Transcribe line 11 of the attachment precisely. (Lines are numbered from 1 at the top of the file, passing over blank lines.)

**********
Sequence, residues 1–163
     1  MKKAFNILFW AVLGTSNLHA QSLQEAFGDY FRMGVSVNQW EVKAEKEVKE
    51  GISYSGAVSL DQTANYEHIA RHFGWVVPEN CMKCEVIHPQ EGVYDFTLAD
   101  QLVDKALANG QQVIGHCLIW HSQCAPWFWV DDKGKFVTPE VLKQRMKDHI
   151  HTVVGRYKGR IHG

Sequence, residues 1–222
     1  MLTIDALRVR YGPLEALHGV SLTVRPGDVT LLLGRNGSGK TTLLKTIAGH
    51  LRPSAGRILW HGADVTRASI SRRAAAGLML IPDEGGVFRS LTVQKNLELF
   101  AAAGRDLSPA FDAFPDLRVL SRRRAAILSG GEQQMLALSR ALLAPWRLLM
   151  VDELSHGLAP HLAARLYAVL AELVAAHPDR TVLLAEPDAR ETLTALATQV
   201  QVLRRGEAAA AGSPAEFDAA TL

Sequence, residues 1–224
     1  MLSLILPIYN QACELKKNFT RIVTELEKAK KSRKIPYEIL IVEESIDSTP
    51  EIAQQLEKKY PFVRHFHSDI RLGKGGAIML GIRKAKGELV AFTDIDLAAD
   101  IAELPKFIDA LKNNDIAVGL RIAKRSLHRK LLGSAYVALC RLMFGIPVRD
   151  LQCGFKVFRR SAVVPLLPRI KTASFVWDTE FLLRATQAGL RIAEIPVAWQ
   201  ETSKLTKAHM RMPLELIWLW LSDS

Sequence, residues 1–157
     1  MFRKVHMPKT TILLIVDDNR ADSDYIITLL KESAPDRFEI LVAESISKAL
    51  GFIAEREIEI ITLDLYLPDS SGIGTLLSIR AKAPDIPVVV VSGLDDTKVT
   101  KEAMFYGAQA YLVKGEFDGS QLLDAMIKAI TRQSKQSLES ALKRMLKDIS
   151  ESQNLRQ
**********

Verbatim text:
   201  QVLRRGEAAA AGSPAEFDAA TL